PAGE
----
The first time the thought of becoming a dentist crossed into my mind was when I was around 8 or 9 years old. Since a couple of years prior, I had frequently visited a pediatric dentist (a dentist specializing in child patients) due to problems with tooth decay in my milk teeth. My first dental visits were extremely nerve-wracking because of a combination of many factors, such as not knowing what to expect, the nervous energy in the waiting room, the weird smell of the dental clinic, and the eerie sound of the drill machine. Years of acclimatizing myself with the dental settings had helped me to subdue my nervousness. Believe it or not, I grew to like going to the dentist.
My interest in Dentistry was further piqued by having a dentist who was calming and was always ready to answer my random questions. One day, I remember how those sharp dental instruments which I previously thought were dreadful, including the drill machine, began to intrigue me. All the dental posters I saw in my dentist’s office, too, suddenly became very colorful and inviting. As long as I could remember, these changes probably happened at the same time as I grew an interest in drawing, sketching, and handcrafts.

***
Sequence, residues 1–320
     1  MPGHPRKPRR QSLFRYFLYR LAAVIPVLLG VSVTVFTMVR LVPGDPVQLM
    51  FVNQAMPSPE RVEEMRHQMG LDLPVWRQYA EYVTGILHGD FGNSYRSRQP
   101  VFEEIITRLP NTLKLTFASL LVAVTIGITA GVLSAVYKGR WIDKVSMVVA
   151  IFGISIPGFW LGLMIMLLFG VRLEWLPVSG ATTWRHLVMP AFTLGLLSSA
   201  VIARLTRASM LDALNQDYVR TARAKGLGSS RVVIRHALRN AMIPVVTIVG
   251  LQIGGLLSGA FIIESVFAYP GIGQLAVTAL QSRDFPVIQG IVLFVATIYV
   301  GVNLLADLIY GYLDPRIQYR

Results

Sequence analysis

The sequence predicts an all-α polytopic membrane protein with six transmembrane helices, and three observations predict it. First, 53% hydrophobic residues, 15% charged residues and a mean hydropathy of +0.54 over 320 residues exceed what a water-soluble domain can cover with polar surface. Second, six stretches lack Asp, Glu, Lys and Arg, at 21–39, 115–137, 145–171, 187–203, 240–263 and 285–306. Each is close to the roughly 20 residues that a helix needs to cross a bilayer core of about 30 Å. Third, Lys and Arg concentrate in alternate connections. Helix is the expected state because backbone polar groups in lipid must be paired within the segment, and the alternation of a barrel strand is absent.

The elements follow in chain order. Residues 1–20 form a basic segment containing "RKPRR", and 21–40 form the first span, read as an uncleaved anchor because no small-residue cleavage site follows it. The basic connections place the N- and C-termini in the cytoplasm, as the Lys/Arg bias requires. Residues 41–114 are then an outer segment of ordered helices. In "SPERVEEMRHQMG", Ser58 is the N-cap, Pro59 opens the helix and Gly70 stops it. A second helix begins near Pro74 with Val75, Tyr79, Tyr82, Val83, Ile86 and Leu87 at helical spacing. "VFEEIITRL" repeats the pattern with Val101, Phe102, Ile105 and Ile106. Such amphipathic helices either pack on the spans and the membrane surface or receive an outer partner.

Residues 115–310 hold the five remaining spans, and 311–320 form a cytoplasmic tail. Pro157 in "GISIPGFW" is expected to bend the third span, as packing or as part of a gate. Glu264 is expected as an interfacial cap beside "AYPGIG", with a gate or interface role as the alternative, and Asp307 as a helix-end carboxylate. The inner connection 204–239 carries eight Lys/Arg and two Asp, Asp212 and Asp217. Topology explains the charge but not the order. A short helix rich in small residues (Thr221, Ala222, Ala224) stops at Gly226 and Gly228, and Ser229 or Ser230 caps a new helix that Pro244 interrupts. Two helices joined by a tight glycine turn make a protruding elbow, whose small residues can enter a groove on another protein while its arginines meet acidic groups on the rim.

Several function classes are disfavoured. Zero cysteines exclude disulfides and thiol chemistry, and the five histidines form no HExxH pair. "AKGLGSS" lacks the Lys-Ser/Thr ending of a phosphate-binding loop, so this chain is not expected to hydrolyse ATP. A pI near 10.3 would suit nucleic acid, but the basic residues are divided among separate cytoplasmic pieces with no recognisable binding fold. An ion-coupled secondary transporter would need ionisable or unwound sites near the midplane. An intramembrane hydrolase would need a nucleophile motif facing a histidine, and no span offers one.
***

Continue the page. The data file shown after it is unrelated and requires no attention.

Many years went by, and I became a teenager. As a teenager, I also had to make rather frequent visits to the dentist. This time to an orthodontist (a dentist specializing in treating misaligned teeth and jaw, among other things), as I got braces to fix my slight overbite. By the time I had left my interest in the “arts” and replaced it with studying, extracurricular activities in science, writing, and language. Something I have regrets over, but I am currently trying to revive that particular interest.
At the time, I did not remember why I worked so hard academically. Probably because I often revisited my childhood interest in Dentistry and in being a dentist, and then started to seriously consider it as a definite answer to the question: “What do you want to be when you grow up?”. It seems like even a 14-year-old me had an inkling that the path to Dentistry was going to require hard works. So, academic achievement had always been my priority. Long story short, I got into the Dentistry school of my choice by the time I was 23.
“Why dentistry then?” people often ask me. When it comes down to it, I used to try to wrap my answer in one or two sentences for the sake of simplicity. More than halfway in as a dental student, I have managed to gather more insights into the world of Dentistry and found more reasons to why I like it.